But I digress. On Thursday, October 20th, Alderfer Auctioneers & Appraisers in Hatfield, Pa., will offer, among other things, a 1951 Willys M38A1 U.S. Army jeep. The model was produced from 1952-1957. During that five-year span, 80,290 units were sold for domestic use and 21,198 units were sold to foreign markets. This was the first appearance of the 'round-fender' Jeep that would eventually become the CJ5. Even after it was replaced by the high-tech Ford M151, they could be seen in olive drab green as late as the 1970s. Visit



Crowell bufflehead drake decoy should bring $150,000-$200,000

Crowell bufflehead drake This bufflehead drake decoy, carved around 1915 by the renowned carver A. Elmer Crowell, is expected to soar to $150,000-$200,000 on Nov. 10. (photo courtesy Guyette & Deeter, Inc.)

A. Elmer Crowell (1862-1952) was a master decoy carver from East Harwich, Mass., who specialized in shorebirds, waterfowl and miniatures. His decoys are consistently regarded as the finest and most desirable decoys ever made. In 1915, Crowell sat down and carved the bufflehead drake you see here, for his close friend Dr. John Cunningham. That very decoy is the expected top lot at Guyette & Deeter's 31st annual Fall Decoy & Sporting Art Auction, on Nov. 10 at the Talbot Community Center in Easton, Md. It's estimated to bring $150,000-$200,000.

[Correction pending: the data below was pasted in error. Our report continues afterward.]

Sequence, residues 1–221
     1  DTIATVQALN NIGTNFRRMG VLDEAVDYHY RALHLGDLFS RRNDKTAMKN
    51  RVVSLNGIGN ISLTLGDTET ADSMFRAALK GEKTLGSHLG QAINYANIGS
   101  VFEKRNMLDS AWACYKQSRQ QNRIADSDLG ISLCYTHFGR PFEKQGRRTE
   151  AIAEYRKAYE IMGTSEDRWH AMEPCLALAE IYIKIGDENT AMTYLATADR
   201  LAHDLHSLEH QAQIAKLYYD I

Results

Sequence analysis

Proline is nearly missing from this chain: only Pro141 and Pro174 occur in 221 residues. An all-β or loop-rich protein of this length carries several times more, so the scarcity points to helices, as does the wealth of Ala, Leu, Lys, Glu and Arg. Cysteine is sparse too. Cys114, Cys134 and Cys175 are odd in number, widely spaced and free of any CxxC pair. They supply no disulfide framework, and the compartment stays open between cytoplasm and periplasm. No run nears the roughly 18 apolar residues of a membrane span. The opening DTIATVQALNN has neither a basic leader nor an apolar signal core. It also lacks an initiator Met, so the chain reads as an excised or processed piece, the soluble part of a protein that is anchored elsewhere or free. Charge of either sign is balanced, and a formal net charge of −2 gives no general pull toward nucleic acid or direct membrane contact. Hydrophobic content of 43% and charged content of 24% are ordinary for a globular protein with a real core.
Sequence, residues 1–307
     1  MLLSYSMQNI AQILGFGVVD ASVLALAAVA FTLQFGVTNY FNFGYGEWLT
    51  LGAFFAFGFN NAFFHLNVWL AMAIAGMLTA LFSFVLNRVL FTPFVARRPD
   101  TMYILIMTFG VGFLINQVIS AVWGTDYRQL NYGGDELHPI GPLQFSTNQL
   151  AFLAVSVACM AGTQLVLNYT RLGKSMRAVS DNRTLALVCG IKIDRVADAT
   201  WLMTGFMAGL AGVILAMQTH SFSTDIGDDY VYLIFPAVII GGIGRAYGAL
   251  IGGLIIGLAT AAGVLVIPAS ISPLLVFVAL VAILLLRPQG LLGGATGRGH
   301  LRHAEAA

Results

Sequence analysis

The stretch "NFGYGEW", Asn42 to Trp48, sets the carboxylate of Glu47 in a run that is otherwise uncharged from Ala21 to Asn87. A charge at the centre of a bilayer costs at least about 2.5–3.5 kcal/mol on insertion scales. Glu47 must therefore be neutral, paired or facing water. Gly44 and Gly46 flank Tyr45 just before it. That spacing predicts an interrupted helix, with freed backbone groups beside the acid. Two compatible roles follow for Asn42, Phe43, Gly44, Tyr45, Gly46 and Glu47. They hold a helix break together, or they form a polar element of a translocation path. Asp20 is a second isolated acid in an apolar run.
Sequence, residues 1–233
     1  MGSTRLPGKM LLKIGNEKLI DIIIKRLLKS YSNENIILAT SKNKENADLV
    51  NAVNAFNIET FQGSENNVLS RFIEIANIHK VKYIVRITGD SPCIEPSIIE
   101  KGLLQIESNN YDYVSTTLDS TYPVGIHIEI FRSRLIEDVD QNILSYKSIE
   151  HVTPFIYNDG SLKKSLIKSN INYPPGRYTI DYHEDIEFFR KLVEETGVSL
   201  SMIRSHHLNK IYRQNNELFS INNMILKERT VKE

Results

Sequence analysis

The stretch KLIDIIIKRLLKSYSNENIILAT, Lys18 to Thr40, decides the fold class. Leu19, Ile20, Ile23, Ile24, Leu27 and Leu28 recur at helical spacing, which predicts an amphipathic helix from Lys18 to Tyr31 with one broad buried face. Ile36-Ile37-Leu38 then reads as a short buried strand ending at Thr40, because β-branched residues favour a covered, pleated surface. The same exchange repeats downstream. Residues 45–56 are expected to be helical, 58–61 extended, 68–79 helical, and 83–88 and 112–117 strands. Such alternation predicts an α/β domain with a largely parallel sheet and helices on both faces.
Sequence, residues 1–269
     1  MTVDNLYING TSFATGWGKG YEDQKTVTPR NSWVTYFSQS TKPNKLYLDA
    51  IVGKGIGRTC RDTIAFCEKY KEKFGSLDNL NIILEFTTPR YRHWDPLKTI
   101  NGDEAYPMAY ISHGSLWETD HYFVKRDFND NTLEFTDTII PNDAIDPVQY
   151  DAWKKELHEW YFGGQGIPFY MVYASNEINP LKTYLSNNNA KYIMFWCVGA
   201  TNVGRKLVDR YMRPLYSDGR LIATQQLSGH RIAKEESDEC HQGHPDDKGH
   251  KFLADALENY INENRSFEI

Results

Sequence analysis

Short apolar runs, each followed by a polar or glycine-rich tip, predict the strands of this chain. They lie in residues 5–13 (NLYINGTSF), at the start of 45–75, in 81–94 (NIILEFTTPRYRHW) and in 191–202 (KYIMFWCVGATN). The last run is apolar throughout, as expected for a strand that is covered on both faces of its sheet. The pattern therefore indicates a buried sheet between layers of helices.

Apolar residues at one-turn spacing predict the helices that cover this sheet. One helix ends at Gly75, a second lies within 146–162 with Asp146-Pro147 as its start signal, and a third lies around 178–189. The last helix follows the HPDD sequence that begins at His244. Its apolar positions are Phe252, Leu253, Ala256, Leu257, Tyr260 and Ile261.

Those kinds of dizzying estimates aren't uncommon in the rarefied world of decoy collecting. In the same sale, an early pair of “humpback” style pintails by the Ward Brothers is also expected to hit six figures (the hen $125,000-$150,000 and the drake $100,000-$125,000). The hen is considered to be the best Ward Brothers decoy known. The top shorebird in the sale is a ruddy turnstone in transitional plumage, circa 1860s, by Obediah Verity. Sporting art will feature a watercolor by Arthur Burdett Frost titled The Argument. Visit



George Washington material at Skinner's next sale, Oct. 30

George Washington material The first lot in the sale is a survey of land created in 1751 by a teenaged Washington, who worked as a professional land surveyor from the ages of 17 to 20. (photo courtesy Skinner, Inc.)

One of the most notable collections of original signed George Washington material to be offered at auction in recent memory will be part of Skinner's Fine Books & Manuscripts Auction planned for Sunday, October 30th, by Skinner's in Boston. The diverse material highlights Washington's ongoing commitment to nurturing and maintaining Mount Vernon, key moments during the Revolutionary War and his first Presidency. Lot 1 is a survey of land created in 1751 by a teenaged Washington, who worked as a professional land surveyor from ages 17-20.

Also sold will be a personal letter to Col. Burwell Bassett, Sr., written in Washington's hand in 1773; eight signed letters by Washington, Abraham Lincoln, Ulysses S. Grant, Henry Wadsworth Longfellow, Charles Dickens, Napoleon Bonaparte, Horatio Nelson and John Wesley; documents signed by John Adams, John Quincy Adams, Thomas Jefferson, John Hancock, James Madison and James Monroe; and 11 lots relating to Alexander Hamilton, which should appeal to history buffs and fans of Broadway musicals. Visit